Last night on MSNBC’s “Countdown with Keith Olbermann,” former analyst for the National Security Agency Russell Tice revealed that the NSA had “monitored all communications” of Americans and specifically targeted journalists:
TICE: The National Security Agency had access to all Americans’ communications — faxes, phone calls, and their computer communications. And it didn’t matter whether you were in Kansas, in the middle of the country, and you never made any foreign communications at all. They monitored all communications. […] But an organization that was collected on were U.S. news organizations and reporters and journalists.
OLBERMANN: To what purpose? I mean, is there a file somewhere full of every e-mail sent by all the reporters at the “New York Times?” Is there a recording somewhere of every conversation I had with my little nephew in upstate New York? Is it like that?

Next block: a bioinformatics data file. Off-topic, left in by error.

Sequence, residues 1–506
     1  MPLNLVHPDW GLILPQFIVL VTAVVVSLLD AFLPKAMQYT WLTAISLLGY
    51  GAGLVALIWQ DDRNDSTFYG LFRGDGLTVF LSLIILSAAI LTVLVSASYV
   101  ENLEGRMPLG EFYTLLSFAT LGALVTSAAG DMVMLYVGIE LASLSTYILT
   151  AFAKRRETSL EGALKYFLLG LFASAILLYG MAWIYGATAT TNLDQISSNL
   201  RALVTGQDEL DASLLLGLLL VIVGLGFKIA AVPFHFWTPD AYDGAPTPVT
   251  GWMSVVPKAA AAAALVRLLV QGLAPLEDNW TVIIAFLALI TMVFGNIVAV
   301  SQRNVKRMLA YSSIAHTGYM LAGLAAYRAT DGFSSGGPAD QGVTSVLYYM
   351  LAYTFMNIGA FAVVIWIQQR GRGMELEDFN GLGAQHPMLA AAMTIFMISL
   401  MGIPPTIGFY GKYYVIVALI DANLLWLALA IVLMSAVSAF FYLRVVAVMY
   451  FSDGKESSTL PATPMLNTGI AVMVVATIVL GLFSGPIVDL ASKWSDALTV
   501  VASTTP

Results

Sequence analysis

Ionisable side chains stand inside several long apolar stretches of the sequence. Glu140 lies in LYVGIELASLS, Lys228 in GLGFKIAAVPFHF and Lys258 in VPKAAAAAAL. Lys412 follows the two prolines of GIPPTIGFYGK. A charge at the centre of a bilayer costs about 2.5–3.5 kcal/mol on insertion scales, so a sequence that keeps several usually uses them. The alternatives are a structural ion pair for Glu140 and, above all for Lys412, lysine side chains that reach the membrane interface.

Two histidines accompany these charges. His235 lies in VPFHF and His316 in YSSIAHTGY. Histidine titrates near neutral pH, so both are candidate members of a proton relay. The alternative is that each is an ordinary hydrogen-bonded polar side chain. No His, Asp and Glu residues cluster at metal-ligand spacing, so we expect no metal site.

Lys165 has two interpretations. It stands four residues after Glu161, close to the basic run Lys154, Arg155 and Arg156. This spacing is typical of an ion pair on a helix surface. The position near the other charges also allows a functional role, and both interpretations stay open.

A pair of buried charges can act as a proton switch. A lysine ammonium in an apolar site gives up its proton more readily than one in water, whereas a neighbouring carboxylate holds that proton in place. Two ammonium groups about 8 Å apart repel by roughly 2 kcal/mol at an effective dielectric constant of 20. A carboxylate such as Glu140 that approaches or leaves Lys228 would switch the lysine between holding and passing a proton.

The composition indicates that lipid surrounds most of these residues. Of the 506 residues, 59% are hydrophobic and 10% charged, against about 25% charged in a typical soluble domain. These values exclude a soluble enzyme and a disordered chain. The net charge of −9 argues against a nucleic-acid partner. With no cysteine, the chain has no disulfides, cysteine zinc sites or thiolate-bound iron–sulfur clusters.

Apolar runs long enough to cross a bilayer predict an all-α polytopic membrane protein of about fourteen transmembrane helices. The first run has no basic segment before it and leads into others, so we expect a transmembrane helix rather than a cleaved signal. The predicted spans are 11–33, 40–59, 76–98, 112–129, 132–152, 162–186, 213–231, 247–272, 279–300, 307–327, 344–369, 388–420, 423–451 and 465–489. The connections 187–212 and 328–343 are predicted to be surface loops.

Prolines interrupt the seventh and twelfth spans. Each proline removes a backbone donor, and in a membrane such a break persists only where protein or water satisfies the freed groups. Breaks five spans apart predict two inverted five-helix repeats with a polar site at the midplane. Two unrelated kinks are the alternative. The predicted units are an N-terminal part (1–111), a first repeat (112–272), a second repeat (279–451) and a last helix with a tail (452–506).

TICE: If it was involved in this specific avenue of collection, it would be everything. Yes. It would be everything.
Tice, a major whistleblower who helped reveal President Bush’s warrantless wiretapping program to the New York Times in 2005, also told Olbermann that the agency sought specifically “to be deceptive” to prevent congressional committees from learning more about the program, calling it “a shell game”:
TICE: The agency would tailor some of their briefings to try to be deceptive for — whether it be, you know, a congressional committee or someone they really didn’t want to know exactly what was going on. So there would be a lot of bells and whistles in a briefing, and quite often, you know, the meat of the briefing was deceptive.
Watch portions of the interview (full interview here):
In October, two other whistleblowers told ABC News that the NSA “routinely” listened in on Americans’ phone calls and agents would often share “salacious or tantalizing” intercepted calls with each other. All this despite Bush’s frequent protestations that his illegal wiretaping program was “limited,” that it targeted only “a phone call of an al Qaeda, known al Qaeda suspect,” and that he ensured “that our civil liberties of our citizens are treated with respect.”
To the end, Bush and Cheney defended the program. In his final days in office, Cheney declared that “it always aggravated” him that the Times won a Pulitzer for exposing his administration’s illegal spying program.